History of Leith, Edinburgh

Archive for 2011

Ancient defences of Edinburgh

Monday, December 19th, 2011

Beneath the Castle ramparts the rising city was now fast increasing; and in 1450, after the battle of Sark, in which Douglas Earl of Ormond defeated the English with great slaughter, it was deemed necessary to enclose the city by walls, scarcely a trace of which now remains, except the picturesque old ruin known as the Well-house Tower, at the base of the Castle rock. They ran along the southern declivity of the ridge on which the most ancient parts of the town were built, and after crossing the West Bow—then deemed the grand entrance to Edinburgh—ran between the High Street and the hollow, where the Cowgate(which exhibited then but a few minor edifices) now stands ; they then crossed the main ridge at the Nether Bow, and terminated at the east end of the North Loch, which was then formed as a defence on the north, and in the construction of which the Royal Gardens were sacrificed. From this line of defence the entire esplanade of the Castle was excluded. ” Within these ancient limits,” says Wilson, ” the Scottish capital must have possessed peculiar means of defence—a city set on a hill and guarded by the rocky fortress, there watching high the least alarms; it only wanted such ramparts, manned by its burgher watch, to enable it to give protection to its princes and to repel the inroads of the southern invader.

source-Old and New Edinburgh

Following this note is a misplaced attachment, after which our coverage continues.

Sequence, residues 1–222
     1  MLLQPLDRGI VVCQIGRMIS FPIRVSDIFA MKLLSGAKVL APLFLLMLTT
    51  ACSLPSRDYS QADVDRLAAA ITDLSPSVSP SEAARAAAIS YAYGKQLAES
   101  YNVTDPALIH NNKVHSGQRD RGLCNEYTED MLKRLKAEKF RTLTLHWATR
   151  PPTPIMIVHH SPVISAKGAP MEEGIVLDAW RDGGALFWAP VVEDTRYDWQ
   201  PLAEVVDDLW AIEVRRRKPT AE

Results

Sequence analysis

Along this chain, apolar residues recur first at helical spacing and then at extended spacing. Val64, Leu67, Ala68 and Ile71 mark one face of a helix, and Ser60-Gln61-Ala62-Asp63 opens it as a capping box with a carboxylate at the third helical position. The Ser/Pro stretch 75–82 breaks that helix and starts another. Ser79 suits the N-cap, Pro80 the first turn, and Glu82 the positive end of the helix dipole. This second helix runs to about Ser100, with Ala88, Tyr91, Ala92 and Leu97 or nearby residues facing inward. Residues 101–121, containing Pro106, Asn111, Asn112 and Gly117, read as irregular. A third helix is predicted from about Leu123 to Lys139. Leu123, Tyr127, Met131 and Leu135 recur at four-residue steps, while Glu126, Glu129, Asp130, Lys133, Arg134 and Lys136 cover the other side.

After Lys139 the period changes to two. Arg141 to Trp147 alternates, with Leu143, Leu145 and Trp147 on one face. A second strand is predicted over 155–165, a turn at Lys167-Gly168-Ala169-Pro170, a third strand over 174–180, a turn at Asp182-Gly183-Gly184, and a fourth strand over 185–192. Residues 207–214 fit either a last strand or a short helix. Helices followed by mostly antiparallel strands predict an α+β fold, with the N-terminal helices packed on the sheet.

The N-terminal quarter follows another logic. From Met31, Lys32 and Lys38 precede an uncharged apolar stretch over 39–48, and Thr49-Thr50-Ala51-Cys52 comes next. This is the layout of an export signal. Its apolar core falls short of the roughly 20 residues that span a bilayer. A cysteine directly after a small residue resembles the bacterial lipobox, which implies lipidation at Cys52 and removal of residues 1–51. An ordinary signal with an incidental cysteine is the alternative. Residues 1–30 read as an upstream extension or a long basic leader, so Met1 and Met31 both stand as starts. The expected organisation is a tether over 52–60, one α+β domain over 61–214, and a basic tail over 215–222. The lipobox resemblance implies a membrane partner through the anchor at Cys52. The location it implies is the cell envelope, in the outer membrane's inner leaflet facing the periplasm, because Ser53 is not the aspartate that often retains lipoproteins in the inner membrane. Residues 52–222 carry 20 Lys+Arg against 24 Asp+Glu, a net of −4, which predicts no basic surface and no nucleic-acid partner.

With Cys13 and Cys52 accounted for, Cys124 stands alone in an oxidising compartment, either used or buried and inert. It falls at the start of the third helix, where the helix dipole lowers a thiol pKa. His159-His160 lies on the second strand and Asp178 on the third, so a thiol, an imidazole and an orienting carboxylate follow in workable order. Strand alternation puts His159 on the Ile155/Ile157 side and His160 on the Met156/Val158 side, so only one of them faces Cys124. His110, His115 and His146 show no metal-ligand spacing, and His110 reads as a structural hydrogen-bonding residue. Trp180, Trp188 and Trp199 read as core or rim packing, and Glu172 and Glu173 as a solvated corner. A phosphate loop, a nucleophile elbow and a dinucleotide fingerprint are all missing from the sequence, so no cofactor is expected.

Watching the fords

Monday, December 19th, 2011

In the Parliament of 1455 we find Acts passed for watching the fords of the Tweed, and the erection of bale-fires to give alarm, by day and night, of inroads from England, to warn Hume, Haddington, Dunbar, Dalkeith, Eggerhope, and Edinburgh Castle, thence to Stirling and the north—arrangements which would bring all Scotland under arms in two hours, as the same system did at the time of the False Alarm in 1803. One bale-fire was a signal that the English were in motion; two that they were advancing; four in a row signified that they were in great strength. All men in arms westward of Edinburgh were to muster there; all eastward at Haddington; and every Englishman caught in Scotland was lawfully the prisoner of whoever took him (Acts, I2th Parl. James II.). But the engendered hate and jealousy of England would seem to have nearly reached its culminating point when the nth Parliament of James VI., chap. 104, enacted, ungallantly, “that no Scotsman marrie an Englishwoman without the king’s license under the Great Seal, under pain death and escheat of moveables.”

Source-Old and New Edinburgh

Charles Ewart

Monday, December 19th, 2011

Ensign Charles Ewart (1769 – 23 May 1846) was a Scottish soldier of the Royal North British Dragoons (more commonly known as the Scots Greys), famous for capturing the regimental eagle of the 45e Régiment de Ligne (45th Regiment of the Line) at the Battle of Waterloo. for more click here

Edinburgh Castle

Monday, December 19th, 2011


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(c) John Arthur

Edinburgh Castle

Monday, December 19th, 2011


Click on image to enlarge
(c) John Arthur

Edinburgh Castle

Monday, December 19th, 2011


Click on image to enlarge
(c) John Arthur

Edinburgh Castle

Monday, December 19th, 2011


Click on image to enlarge
(c) John Arthur

Edinburgh Castle

Monday, December 19th, 2011


Click to enlarge
(c) John Arthur

Edinburgh Castle

Monday, December 19th, 2011


Click on image to enlarge
(c) John Arthur

Ancestry

Monday, December 19th, 2011


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